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A nonqualified annuity, which is an annuity not associated with an employer-provided plan or an Individual Retirement Account, is generally purchased with an after-tax, lump-sum investment by the owner, or "annuitant." Then, similar to other retirement plans, that original investment accumulates income that is not taxed until it is distributed. Some annuities are crosses between retirement plans and life insurance plans in that they provide a guaranteed death benefit that could be more than the value of the account at the time of the annuitant's death. No matter what the design, at some point, someone -- annuitant or beneficiary -- will be responsible for paying federal income taxes on distributions. Annuities are also included in the estate for federal estate tax calculations.
Unlike other investments, the named beneficiary of a nonqualified annuity does not get a step-up in tax basis to the date of death. However, that doesn't mean the beneficiary will have to pay taxes on the full amount. Because the purchaser of the annuity made the investment with after-tax dollars, only the amount attributable to investment income is taxed, but it will be taxed as ordinary income and not enjoy any special capital gains treatment. When there is a death benefit that exceeds the value of the account, that additional amount is also taxed as ordinary income. Beneficiaries are not subject to the 10 percent early distribution penalty that applies to distributions before the annuity owner reaches age 59 1/2.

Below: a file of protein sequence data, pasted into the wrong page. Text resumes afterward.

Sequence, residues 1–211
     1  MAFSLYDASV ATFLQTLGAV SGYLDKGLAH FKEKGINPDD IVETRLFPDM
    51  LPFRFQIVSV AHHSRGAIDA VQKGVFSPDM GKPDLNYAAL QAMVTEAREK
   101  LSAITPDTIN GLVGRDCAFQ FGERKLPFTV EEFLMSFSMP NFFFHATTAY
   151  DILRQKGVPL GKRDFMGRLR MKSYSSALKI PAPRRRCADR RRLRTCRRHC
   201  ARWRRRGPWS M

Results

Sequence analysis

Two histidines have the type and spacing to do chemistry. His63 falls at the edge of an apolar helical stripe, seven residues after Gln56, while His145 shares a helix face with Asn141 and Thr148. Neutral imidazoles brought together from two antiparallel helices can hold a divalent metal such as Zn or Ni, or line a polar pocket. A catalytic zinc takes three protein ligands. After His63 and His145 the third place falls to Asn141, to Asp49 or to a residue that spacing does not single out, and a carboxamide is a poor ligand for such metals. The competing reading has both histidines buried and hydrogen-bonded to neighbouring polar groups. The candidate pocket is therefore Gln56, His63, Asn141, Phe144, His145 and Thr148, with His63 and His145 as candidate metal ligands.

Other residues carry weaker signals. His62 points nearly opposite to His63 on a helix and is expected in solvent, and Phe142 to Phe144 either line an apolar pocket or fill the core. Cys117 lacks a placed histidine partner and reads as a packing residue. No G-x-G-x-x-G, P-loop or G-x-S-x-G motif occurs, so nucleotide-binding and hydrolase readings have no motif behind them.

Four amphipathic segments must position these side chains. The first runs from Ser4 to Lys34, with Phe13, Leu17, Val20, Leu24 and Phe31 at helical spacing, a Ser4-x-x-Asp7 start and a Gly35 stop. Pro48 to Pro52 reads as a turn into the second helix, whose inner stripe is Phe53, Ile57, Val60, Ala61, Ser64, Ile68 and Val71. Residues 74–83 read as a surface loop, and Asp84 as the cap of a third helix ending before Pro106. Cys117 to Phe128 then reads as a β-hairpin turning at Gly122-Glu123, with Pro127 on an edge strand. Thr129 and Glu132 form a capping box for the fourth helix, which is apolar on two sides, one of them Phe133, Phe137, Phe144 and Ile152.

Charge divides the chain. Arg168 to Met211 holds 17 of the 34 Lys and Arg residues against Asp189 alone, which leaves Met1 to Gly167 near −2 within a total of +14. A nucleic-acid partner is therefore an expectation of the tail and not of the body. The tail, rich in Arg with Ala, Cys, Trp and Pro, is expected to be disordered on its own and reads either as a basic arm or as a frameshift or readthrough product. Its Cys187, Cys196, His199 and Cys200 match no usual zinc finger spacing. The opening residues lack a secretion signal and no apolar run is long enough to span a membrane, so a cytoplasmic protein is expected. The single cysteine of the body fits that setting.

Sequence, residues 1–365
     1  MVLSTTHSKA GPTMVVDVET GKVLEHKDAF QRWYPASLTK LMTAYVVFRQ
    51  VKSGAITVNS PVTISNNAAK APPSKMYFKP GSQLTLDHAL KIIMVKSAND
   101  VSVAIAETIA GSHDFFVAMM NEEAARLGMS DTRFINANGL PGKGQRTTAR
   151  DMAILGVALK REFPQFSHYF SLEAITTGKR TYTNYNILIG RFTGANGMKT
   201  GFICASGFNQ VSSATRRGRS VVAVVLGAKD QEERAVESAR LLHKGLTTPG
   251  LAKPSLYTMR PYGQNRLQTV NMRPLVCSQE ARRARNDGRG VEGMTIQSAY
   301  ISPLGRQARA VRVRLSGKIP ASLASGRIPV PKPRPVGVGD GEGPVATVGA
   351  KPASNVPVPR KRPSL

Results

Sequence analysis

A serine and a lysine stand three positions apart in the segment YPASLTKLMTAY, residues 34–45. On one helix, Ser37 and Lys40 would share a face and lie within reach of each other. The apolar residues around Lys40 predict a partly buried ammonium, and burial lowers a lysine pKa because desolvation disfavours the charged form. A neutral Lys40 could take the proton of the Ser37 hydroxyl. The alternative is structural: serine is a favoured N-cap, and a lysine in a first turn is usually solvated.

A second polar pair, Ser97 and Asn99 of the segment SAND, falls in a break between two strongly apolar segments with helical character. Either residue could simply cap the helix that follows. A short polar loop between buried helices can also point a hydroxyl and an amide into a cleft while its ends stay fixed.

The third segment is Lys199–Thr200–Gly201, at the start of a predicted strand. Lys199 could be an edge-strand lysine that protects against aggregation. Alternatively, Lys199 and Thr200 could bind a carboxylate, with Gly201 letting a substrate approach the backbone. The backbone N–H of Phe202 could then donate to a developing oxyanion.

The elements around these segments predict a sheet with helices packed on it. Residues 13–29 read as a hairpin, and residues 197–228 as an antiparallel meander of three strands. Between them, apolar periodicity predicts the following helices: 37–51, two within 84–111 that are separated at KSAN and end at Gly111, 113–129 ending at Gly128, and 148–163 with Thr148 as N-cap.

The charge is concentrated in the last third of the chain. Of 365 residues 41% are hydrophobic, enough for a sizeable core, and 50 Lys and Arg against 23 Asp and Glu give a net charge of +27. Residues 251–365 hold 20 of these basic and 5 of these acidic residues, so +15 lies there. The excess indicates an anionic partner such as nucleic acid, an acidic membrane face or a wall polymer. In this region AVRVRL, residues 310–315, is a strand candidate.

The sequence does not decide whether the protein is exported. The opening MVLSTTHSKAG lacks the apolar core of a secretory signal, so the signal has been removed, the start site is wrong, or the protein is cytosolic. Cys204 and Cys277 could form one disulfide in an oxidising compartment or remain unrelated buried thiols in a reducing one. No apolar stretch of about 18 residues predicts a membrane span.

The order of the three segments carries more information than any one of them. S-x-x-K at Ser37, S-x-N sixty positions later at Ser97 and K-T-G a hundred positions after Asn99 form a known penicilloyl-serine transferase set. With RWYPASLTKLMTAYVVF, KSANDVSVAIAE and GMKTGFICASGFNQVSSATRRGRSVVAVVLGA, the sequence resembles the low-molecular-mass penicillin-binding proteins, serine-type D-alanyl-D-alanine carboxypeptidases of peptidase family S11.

Similar to an IRA, requirements specify how and when beneficiaries of a nonqualified annuity must take distributions. If the annuitant had begun taking periodic distributions before her death, the beneficiary must continue the payment option chosen by the annuitant. For example, if the annuitant chose a life and 15-year period certain annuity and died after 10 years, the beneficiary would receive the same benefit the annuitant was receiving for five more years. If payment had not begun, a non-spouse beneficiary has three choices: a lump-sum distribution within one year of the annuitant's death, full distribution within five years of the annuitant's death or periodic distributions based on the life expectancy of the beneficiary.
For periodic payments, a portion of each payment will be considered a recovery of investment and, consequently, not taxable. This is called the exclusion ratio. For annuities with variable income, the exclusion ratio is the amount of the original investment divided over the expected payments. For a fixed annuity, the exclusion ratio is the ratio of investment to expected return. If annuity payments already had started to the deceased, then the beneficiary would have the same exclusion ratio as the deceased had. However, if the policy calls for a lump-sum death benefit, then the beneficiary would exclude from that lump sum the remaining exclusion that the original annuitant hadn't recovered.
Again, as with an IRA, spouse beneficiaries often have an additional option. If the policy has a provision, spouses can take over the annuity of a deceased spouse. In this case, the spouse would not have to take an immediate distribution. Because no required minimum distribution rule exists for nonqualified annuities, the spouse would not have to make withdrawals at any point. When the annuity includes a death benefit, the spouse beneficiary usually has to choose an option. One drawback is that a spouse who takes over a deceased spouse's annuity would then be subject to the 10 percent early distribution penalty if she needed to take distributions from the inherited annuity before she reached age 59 1/2, and for early distributions, the taxable portion is removed first.
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